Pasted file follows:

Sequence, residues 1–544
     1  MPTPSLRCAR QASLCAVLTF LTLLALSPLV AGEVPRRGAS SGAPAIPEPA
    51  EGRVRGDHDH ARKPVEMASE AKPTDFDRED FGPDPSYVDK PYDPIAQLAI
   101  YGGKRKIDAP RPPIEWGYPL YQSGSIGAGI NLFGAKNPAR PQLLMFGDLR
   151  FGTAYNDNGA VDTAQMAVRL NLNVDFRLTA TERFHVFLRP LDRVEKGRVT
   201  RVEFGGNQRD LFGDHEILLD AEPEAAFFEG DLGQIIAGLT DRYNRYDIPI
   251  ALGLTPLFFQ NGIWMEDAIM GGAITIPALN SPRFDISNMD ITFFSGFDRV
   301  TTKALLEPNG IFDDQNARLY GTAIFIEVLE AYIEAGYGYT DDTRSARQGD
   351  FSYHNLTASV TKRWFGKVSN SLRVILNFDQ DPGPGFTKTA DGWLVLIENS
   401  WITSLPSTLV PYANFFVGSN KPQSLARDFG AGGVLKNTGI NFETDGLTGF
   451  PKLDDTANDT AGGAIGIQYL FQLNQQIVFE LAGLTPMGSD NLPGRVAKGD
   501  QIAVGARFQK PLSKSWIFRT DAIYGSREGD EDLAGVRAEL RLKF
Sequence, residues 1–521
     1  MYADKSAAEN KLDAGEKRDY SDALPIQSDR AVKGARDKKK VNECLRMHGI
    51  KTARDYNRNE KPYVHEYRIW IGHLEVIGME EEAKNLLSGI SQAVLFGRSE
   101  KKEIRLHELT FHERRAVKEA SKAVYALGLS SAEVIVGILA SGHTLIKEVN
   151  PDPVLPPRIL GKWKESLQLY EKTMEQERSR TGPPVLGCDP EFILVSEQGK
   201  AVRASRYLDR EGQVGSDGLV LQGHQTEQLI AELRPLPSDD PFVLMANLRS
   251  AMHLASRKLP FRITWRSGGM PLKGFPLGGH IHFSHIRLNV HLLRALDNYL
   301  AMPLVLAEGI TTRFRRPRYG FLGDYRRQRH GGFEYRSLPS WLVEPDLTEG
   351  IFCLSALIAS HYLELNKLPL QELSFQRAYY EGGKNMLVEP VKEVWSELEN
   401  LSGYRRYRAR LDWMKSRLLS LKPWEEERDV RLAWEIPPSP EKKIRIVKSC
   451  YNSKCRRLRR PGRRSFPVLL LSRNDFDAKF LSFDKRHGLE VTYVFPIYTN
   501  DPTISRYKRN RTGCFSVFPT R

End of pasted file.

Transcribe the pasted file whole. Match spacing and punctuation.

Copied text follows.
Sequence, residues 1–544
     1  MPTPSLRCAR QASLCAVLTF LTLLALSPLV AGEVPRRGAS SGAPAIPEPA
    51  EGRVRGDHDH ARKPVEMASE AKPTDFDRED FGPDPSYVDK PYDPIAQLAI
   101  YGGKRKIDAP RPPIEWGYPL YQSGSIGAGI NLFGAKNPAR PQLLMFGDLR
   151  FGTAYNDNGA VDTAQMAVRL NLNVDFRLTA TERFHVFLRP LDRVEKGRVT
   201  RVEFGGNQRD LFGDHEILLD AEPEAAFFEG DLGQIIAGLT DRYNRYDIPI
   251  ALGLTPLFFQ NGIWMEDAIM GGAITIPALN SPRFDISNMD ITFFSGFDRV
   301  TTKALLEPNG IFDDQNARLY GTAIFIEVLE AYIEAGYGYT DDTRSARQGD
   351  FSYHNLTASV TKRWFGKVSN SLRVILNFDQ DPGPGFTKTA DGWLVLIENS
   401  WITSLPSTLV PYANFFVGSN KPQSLARDFG AGGVLKNTGI NFETDGLTGF
   451  PKLDDTANDT AGGAIGIQYL FQLNQQIVFE LAGLTPMGSD NLPGRVAKGD
   501  QIAVGARFQK PLSKSWIFRT DAIYGSREGD EDLAGVRAEL RLKF
Sequence, residues 1–521
     1  MYADKSAAEN KLDAGEKRDY SDALPIQSDR AVKGARDKKK VNECLRMHGI
    51  KTARDYNRNE KPYVHEYRIW IGHLEVIGME EEAKNLLSGI SQAVLFGRSE
   101  KKEIRLHELT FHERRAVKEA SKAVYALGLS SAEVIVGILA SGHTLIKEVN
   151  PDPVLPPRIL GKWKESLQLY EKTMEQERSR TGPPVLGCDP EFILVSEQGK
   201  AVRASRYLDR EGQVGSDGLV LQGHQTEQLI AELRPLPSDD PFVLMANLRS
   251  AMHLASRKLP FRITWRSGGM PLKGFPLGGH IHFSHIRLNV HLLRALDNYL
   301  AMPLVLAEGI TTRFRRPRYG FLGDYRRQRH GGFEYRSLPS WLVEPDLTEG
   351  IFCLSALIAS HYLELNKLPL QELSFQRAYY EGGKNMLVEP VKEVWSELEN
   401  LSGYRRYRAR LDWMKSRLLS LKPWEEERDV RLAWEIPPSP EKKIRIVKSC
   451  YNSKCRRLRR PGRRSFPVLL LSRNDFDAKF LSFDKRHGLE VTYVFPIYTN
   501  DPTISRYKRN RTGCFSVFPT R